Results of a long-awaited financial investigation into Upper Darby’s finances were delivered to the township council Wednesday night, concluding that federal funds from the American Rescue Plan Act (ARPA) were spent without the approval of the township council in violation of the home rule charter.
The 24-page report from special solicitor Chris Boggs also said that Mayor Barbarann Keffer’s administration used restricted funds to make it appear to the town council that all ARPA funds were accounted for, and also violated the charter at least two other times by going over budget in 2021 by $1.7 million dollars, as well as not keeping distinct accounts for certain kinds of funds.
The administration is pushing back on nearly all the claims made in the Boggs report, and are highlighting a nickname originating from “the community” — calling the three Democrats and three Republicans who have been at odds with Keffer “the ‘white power six’ or simply the ‘shameful six.’”
Democratic members of the council and citizens in the chamber supporting the Keffer administration said the findings were an about-face from an earlier but unfinished update from Boggs delivered to the council’s finance committee in August. Even though Boggs said that update was not intended to be a real report in any fashion, Councilmember Andrew Hayman, one of the group of five Democratic members continuing to back Keffer, seized upon an email of the update and “leaked” it to the press, according to the Delco Daily Times.
That group characterized the incomplete report as proof that the administration had been above reproach, and that the bipartisan group of six councilmembers who authorized the investigation were continuing to grind a political axe.
The Daily Times went so far as to headline its story on the August update from Boggs as “VIN-dicated,” playing off the name of Keffer’s chief administrative officer, Vincent Rongione, the center of the controversy.
However, Boggs had warned at the time that the conclusions being reached from the email were not fully warranted, and that his own final conclusions were still in the making.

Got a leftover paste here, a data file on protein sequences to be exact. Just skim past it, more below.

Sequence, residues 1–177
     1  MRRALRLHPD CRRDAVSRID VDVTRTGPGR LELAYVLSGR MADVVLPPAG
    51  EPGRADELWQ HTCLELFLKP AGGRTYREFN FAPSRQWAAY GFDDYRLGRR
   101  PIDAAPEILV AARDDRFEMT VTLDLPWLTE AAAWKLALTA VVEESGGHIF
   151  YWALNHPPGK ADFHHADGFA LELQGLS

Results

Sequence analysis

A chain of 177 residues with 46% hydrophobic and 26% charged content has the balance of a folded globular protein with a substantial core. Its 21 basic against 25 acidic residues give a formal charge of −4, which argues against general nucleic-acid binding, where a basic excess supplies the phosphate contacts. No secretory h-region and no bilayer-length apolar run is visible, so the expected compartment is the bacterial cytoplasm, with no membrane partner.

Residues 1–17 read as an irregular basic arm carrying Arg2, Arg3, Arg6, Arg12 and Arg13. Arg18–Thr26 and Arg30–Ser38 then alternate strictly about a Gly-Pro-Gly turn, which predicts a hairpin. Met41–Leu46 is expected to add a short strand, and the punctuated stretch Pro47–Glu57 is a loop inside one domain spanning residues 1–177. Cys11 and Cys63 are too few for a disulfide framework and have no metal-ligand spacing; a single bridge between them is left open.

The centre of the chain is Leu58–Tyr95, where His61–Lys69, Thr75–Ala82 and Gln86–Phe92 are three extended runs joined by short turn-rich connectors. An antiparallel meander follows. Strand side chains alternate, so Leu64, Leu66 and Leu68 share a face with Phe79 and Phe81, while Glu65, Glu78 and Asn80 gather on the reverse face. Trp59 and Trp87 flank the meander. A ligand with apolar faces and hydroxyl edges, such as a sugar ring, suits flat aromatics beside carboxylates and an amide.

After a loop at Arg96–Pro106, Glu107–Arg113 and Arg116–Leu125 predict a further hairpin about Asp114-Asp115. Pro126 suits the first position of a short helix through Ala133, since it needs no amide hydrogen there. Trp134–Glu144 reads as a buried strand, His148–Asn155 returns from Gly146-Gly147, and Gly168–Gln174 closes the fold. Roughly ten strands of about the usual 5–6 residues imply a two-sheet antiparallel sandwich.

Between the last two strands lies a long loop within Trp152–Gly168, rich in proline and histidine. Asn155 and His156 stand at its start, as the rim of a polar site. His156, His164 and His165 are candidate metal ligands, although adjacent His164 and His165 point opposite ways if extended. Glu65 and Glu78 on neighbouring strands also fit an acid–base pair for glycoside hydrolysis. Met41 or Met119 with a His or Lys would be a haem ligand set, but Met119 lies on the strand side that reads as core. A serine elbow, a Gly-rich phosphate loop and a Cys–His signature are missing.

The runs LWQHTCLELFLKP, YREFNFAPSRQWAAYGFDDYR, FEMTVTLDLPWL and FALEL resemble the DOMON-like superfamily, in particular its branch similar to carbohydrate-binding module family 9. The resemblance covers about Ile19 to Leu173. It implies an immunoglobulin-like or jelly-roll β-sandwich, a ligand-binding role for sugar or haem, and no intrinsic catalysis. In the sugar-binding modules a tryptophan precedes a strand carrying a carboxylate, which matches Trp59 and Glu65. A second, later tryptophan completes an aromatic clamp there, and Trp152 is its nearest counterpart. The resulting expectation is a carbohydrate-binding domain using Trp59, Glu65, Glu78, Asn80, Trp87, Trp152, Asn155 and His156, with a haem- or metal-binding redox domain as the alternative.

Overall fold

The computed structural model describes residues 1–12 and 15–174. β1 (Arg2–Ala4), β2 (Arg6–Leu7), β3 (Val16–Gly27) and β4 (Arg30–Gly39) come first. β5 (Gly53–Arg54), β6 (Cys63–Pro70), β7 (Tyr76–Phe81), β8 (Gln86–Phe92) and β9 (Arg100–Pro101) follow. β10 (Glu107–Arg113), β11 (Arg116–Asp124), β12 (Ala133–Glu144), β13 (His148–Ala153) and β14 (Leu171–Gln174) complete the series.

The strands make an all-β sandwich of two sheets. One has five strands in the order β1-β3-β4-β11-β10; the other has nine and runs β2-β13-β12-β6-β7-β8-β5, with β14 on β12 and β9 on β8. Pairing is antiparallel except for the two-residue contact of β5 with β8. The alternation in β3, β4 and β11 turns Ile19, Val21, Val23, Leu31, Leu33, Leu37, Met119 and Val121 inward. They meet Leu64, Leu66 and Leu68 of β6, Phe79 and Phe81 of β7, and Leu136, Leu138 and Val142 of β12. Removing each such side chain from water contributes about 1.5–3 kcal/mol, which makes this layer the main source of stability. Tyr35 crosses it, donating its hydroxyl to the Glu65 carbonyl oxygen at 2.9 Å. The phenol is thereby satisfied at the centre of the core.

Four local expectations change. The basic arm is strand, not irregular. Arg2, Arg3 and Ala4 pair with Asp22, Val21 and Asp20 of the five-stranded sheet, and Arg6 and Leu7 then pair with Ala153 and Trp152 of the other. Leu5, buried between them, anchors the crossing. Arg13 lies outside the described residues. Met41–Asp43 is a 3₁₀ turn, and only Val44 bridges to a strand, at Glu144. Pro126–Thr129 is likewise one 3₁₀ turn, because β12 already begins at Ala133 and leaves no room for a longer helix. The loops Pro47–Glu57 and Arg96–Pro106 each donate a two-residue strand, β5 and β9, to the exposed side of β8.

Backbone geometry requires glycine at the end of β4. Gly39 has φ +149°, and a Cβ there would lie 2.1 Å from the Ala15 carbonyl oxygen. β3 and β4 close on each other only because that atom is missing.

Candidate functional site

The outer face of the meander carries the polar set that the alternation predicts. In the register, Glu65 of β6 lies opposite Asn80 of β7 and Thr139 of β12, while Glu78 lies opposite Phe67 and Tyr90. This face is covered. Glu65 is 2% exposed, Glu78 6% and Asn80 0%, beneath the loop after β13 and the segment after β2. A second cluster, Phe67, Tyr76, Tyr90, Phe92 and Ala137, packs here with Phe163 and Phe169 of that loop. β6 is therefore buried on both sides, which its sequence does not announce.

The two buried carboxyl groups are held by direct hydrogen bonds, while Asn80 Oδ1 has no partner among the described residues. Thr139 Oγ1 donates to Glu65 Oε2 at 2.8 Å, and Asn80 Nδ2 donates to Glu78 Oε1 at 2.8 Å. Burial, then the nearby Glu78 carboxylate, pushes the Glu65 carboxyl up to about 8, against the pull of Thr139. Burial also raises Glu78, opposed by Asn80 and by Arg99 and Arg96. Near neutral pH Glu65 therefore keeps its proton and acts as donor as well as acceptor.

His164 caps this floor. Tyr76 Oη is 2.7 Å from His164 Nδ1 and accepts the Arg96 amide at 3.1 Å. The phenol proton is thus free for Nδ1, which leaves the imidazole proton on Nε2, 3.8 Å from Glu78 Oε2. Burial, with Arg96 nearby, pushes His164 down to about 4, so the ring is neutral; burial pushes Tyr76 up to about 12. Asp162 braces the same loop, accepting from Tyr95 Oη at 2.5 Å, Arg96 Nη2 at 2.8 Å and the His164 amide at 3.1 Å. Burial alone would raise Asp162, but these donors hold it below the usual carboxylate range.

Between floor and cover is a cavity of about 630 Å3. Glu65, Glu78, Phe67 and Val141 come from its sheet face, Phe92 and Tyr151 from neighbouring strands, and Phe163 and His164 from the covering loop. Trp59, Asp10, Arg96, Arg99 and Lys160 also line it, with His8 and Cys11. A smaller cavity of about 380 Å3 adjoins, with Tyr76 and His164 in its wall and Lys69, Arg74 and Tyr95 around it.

To the administration’s credit, the Boggs report said when using the most favorable angle possible, Keffer’s administration did not use ARPA funds to make a required pension payment in December 2021, something Boggs had held out as a possibility in August.
He also said it was possible, but remained undetermined, whether the administration submitted a false certification to the federal government about having spent any of the ARPA funds. Boggs said he could not reach a conclusion about that without seeing an attachment that was also sent simultaneously with the certification.
Tracing the financials across several accounts, Boggs showed how the original $20.8 million in APRA funds was deposited into a general Pennsylvania local government investment trust account, also called a PLGIT account.
After that deposit was registered, the PLGIT account had a total balance of $42.49 million.
Some normal drawdowns were made against the account through the fall.
In December, however, a $12 million dollar withdrawal occurred, leaving the account with a balance about $6 million lower than the original deposit of the $20.8 million of ARPA funds.
Boggs asserted the ARPA funds were now split into two parts: the roughly $14 million that remained in the PLGIT account, and the $6 million that had been withdrawn.
The $6 million that had been moved was in a general fund account being used for daily business. Boggs said about $4.2 million of that money was spent to write “311 checks, one full payroll, and one-half a payroll,” he told the council.
“Within those 311 checks, that is an exhibit [provided to counsel], you can see every single person, entity, vendor, that was paid with ARPA money,” Boggs said. “And that is the most absolute, conservative way to look at [what happened] in the month of December.”
Boggs said eventually the administration tried to cobble together the original $20.8 million into a single, segregated account that was newly created, and demonstrably labeled “ARPA.” In order to cover the money that had been spent through the checks and payroll, however, Rongione transferred money out of some restricted accounts, Boggs asserted.
As the name “restricted suggests, these accounts are segregated for specific purposes, and because the jurisdiction over those monies are sometimes shared with other governmental entities, the money is not supposed to be moved or spent without certain approvals.
One such account is an asset forfeiture fund managed in combination with the county’s district attorney. Because the account consists of money seized from persons accused of crimes, it is not supposed to be moved without a court order.
In June, Councilwoman Meaghan Wagner made an issue out of this bank account having been “zeroed out.” But Rongione countered by saying that the money was simply being moved to a new bank for business reasons. However, the township’s administrative code requires a council ordinance before any new depository relationships can be established.